On Sunday, June 25, I awoke to the smell of a smoldering campfire, a scent most people associate with our earliest, often happiest, experiences out in the natural world. Upon going outside, I found the entire city of Montreal was blanketed by a smoky haze and realized that the wildfires raging throughout the northeast, producing public health warnings across borders, had come home to roost.
Summer wildfires had already become a fact of life in the west in recent years, even reducing the town of Paradise, California to rubble in late 2018, its population losing everything. While some coverage has begun to improve, most major news outlets have given this new summer reality the usual breathless disaster treatment, often avoiding the root cause of these catastrophes as they have so many others from massive floods to dangerous heat waves, treating them as acts of God rather than a human-produced climate emergency.
In the wake of these unnatural disasters we are often told it’s “too soon” to discuss how industrialized, carbon-fueled society is fracturing the natural world.
It’s time to treat this desperate problem with serious corrective measures.
One of the most striking things about this emergency is the ability of those most responsible for it to deflect attention away from themselves. This usually comes in the form of friendly corporate news outlets and rightwing think tanks using their platforms to deny the problem exists at all. They often insist that “once a century” disasters occurring at an accelerating pace are the result of natural processes.
Fossil fuel companies like Exxon were aware of the coming problem in the 1970s but have spent the decades since funding climate denialism while at the same time engaging in greenwashing campaigns portraying themselves as stewards of the natural world rather than destroyers of it. Most of them reported record profits last year.
The more paranoid on the far right insist, just as they did during the crisis provoked by Covid 19, that climate change is a cynical ‘hoax’ to take away the freedoms enjoyed by citizens of richer countries. Even anodyne ideas that would at the very least make the lives of poorer people living in food deserts better, like ‘15 minute’ cities, are presented by these voices as an attack on… liberty.
Taking selfishness to an extreme and calling it individualism allows those on the political right to ignore issues that require collective action, at least until they are impacted by them and arrive hat in hand to demand bailouts from everyone else.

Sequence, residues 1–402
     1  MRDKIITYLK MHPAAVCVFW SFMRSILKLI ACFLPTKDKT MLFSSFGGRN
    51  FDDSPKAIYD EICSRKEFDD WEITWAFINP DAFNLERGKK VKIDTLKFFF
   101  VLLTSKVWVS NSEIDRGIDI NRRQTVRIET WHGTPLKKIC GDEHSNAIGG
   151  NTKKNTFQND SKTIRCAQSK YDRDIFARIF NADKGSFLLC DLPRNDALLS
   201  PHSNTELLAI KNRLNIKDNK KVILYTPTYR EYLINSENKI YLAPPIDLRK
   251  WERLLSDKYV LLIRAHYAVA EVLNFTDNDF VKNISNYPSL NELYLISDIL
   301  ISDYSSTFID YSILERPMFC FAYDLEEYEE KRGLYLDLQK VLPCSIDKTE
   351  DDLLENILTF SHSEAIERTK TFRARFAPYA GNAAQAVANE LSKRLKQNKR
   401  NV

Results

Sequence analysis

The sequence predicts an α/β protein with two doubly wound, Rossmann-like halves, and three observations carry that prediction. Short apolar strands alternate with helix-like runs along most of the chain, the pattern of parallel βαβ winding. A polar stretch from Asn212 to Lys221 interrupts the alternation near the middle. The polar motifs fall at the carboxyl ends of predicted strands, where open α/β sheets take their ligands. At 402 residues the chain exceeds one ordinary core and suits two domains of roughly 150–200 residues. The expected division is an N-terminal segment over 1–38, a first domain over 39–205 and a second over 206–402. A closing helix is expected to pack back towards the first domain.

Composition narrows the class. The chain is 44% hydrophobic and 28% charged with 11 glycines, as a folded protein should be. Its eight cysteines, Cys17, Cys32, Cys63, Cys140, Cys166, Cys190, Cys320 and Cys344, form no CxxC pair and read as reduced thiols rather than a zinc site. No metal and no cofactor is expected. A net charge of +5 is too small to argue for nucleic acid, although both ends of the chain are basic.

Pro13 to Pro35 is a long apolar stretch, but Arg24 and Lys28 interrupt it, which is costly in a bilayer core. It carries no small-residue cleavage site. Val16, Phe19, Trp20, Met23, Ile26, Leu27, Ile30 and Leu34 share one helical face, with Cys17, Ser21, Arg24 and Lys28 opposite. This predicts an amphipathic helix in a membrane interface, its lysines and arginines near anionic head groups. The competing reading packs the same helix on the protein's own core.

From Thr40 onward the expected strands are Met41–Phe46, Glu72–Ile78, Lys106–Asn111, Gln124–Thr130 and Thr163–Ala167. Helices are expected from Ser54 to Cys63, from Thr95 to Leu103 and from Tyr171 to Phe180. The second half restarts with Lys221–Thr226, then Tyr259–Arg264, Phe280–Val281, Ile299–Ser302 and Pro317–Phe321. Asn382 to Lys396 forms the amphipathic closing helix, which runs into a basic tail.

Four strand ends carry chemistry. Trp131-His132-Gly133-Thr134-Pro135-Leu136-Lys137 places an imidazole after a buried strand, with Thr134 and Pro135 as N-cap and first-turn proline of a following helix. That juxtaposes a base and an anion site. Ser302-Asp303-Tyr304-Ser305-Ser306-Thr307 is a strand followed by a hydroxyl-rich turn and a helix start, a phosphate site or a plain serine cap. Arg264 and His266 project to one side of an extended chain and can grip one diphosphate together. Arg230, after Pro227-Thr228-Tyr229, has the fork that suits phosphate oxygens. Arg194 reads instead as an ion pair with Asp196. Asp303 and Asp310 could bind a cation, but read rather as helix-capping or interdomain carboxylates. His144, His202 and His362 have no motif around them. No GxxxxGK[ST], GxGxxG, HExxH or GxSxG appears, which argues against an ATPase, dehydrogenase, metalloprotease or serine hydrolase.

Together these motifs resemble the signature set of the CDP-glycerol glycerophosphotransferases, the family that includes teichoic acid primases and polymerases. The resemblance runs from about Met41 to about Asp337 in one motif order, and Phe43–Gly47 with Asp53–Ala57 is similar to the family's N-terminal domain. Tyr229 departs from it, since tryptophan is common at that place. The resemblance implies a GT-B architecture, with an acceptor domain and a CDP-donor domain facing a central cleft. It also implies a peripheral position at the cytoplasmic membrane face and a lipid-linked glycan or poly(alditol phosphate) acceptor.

For the clear majority of people who still believe in science, individual actions like eating less (or no) meat, avoiding air travel and using public transit or electric vehicles are good in and of themselves but simply not enough to confront a problem of global scale. The idea that altering our consumer behavior without widespread political activism will be enough to address the problem is clearly (and intentionally) delusional. Beginning in the 1980s, Big Oil began to support rightwing politicians who were overtly anti-science, starting with Ronald Reagan.
There is also the widely held belief that some kind of technological fix is just around the corner, that an individual genius will come along to save us all. What is not asked for or expected is for all of us, especially the wealthy and the corporations that are still driving future generations into an abyss, to make the sacrifices needed to address this existential issue. Barring this, as we might expect, those least responsible for this crisis, especially in the global south, are likely to pay the highest price in the years ahead.
Ironically, each of us, as individuals, can make a difference, but in the end only enough to matter if we do so in concert with massive numbers of other individuals.
Derek Royden is a Canadian journalist.